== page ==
I made arrangement for my program director to take over the staff meeting we always held on Wednesday night and asked him to keep the staff together until I came back to talk to them. With Tony, the camp ranger by my side, I asked Todd to come with me to my office. It was a long walk through the night. Once inside, I told him what was up. Todd was a big guy, probably 6’3” with broad shoulders, about the size of Tony and I put together. I was afraid of what he might do, and was surprised when he sat down in a chair and cried. Tony offered him a cigarette and I decided it was best that I not insist they not smoke in my office. He took one (I’d never seen him smoke) and with tears in his eyes asked what was going to happen to him. I told him didn’t know, but I knew there were a number of warrants out for his arrest and that forgery was serious business.

The deputy arrived right at ten and arrested Todd. I felt sorry for him, as he was handcuffed and read his rights. I told him we’d pack up his stuff and keep it safe and then went over to the dining hall where the staff was sitting around waiting. They knew something was up and were visibly shaken, for Todd had been a likable guy. The next day, Tony and I went through Todd’s stuff, inventorying it all and boxing it up and storing it in his car. A few days later, his parents came down and picked up his car and drove it home.

I’d had enough excitement for one summer. But the week wasn’t over. On Friday, as I was trying to finish up paperwork in my office, the mother of a camper who’d been at the camp a few weeks earlier came by. Like the store owner, she too wasn’t happy. She dropped an X-rated photograph on my desk, one that had come from her son’s camera. I could have gone all summer without seeing that. Her son swore to her that he had no idea where the picture came from, but looking at it, I knew right away. It was taken on the waterfront and one particular staff member who had a very unique bathing suit was the subject. I also figured out fairly quickly what had happened.

On the waterfront (sounds like a good title for a movie), there was a place where campers could ‘check” valuables, things that couldn’t get wet, like wallets and cameras. I sent for the waterfront director and for the staff member in question. The waterfront director suggested who he thought would have taken the photo (the guy who was in charge of checking in and out personal items). I had him bring the other guy up as I confronted the one young man with the bright red stripped baggies which clung to his knees in the photo. Showing him the photo, he confessed. So did the photographer. Although I knew it was just a childish prank, the Scouts have strict rules on such behavior and I found myself having the privilege of firing two more staff members. Like Todd, these were both well-liked and hard workers. The rest of the staff was mad at my decision, especially since it there was only one more day of camp left. At least one model in the photographer must not have been too mad with me, for the next year when he graduated from college, he called to ask me to be one of his references.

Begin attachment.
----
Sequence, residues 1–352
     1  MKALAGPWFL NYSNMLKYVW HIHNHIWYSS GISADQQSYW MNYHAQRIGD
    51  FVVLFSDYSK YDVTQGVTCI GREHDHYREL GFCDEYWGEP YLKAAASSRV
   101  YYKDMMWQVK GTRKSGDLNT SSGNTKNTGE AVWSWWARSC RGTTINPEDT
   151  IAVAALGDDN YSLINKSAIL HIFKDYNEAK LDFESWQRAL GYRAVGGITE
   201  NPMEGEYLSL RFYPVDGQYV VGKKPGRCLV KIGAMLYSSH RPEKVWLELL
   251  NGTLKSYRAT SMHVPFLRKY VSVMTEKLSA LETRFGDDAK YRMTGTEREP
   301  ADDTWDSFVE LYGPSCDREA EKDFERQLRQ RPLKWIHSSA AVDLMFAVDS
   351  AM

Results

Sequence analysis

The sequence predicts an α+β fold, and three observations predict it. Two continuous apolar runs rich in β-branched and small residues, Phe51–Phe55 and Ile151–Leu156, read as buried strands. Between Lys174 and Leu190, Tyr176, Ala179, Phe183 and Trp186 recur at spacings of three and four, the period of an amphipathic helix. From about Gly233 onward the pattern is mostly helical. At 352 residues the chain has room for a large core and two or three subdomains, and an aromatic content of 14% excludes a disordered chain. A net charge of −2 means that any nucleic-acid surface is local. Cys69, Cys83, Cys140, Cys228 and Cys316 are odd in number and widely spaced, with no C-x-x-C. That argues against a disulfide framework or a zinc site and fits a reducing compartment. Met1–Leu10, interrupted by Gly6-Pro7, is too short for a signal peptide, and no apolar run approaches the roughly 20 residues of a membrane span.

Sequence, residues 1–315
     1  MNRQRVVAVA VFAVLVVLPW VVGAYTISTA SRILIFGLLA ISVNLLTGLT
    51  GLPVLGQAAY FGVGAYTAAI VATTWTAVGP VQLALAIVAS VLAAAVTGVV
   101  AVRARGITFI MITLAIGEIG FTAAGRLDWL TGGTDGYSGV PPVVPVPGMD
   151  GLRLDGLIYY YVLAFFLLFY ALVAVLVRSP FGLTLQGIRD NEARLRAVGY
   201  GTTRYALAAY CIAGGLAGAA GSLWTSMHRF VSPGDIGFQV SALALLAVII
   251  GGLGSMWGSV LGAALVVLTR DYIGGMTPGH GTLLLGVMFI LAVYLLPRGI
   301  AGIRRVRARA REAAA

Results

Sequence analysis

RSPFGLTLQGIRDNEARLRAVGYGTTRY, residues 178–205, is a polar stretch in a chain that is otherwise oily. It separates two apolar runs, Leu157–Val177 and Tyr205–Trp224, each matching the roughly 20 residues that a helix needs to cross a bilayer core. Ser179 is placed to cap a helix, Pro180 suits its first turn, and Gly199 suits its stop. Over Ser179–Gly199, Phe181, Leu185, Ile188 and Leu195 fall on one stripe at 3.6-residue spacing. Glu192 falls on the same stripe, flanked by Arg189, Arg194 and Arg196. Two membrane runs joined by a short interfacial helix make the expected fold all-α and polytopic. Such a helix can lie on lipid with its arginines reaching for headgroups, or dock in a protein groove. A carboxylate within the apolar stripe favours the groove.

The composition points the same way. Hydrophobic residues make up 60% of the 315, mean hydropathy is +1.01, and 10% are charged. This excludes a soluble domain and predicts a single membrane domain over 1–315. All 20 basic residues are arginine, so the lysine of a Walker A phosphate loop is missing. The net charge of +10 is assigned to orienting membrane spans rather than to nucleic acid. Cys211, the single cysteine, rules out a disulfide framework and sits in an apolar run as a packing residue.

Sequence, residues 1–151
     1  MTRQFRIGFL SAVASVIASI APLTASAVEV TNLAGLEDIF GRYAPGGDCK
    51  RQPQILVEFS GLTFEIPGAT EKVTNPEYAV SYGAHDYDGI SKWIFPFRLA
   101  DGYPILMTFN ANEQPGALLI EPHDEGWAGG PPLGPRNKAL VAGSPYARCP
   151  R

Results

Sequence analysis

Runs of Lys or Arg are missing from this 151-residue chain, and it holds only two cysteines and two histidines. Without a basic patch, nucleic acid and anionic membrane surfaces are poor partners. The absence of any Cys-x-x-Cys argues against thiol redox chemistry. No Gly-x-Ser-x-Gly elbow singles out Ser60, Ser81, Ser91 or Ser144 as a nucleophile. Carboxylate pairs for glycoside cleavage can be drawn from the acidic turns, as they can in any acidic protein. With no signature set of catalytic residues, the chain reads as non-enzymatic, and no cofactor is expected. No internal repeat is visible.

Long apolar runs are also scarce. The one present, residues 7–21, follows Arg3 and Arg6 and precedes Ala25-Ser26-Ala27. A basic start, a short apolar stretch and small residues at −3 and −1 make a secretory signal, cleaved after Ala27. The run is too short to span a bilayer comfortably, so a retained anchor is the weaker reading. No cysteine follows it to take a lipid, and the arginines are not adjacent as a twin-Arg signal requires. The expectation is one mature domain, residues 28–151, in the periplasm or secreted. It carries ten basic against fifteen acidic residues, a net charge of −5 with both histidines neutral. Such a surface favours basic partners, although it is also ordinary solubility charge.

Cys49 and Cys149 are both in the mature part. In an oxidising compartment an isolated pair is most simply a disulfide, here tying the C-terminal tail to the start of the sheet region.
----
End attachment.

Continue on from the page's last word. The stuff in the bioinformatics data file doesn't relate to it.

It had been such a nice summer. I had enjoyed everything the camp had to offer: swimming, water skiing, sailing, canoeing, and fishing. But after that last week, I was never so glad to go home.
For another story about Sage's adventures during the summer of '84, click here.




17 comments:

  1. My scout camp seemed pretty quiet compared to yours but as a scout, I probably wasn't priviledged to all the information that was happening behind the scenes.

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  2. I always wished I'd gotten to attend a camp like this either as a kid or a counselor. Other people's stories always made them sound so amazing.

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  3. Camp counseling was always my favorite thing. I worked at one up near Saynor, WI for a couple of summers.

    Good times.

    Cheers.

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  4. I was a Brownie for one day. Just long enough to make a wastebasket out of empty egg cartons and a tinfoil pie plate. I got yanked because my mother realized when she picked me up that the house she dropped me off at reeked of cat urine. I don't think many others returned either.

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  5. Ed, there is a difference from being a scout and a counseling and even greater difference from being a counselor and a camp director.

    TC, but you spent time working at Crater Lake and I'm envious!

    Randall, I spent some time at a camp outside of St. Joe, MO for a program once when working for the scouts.

    Murf, I don't think I'd return, either.

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  6. I'm sorry, Sage, I can't type well tonight because my right eye is closed.....LOL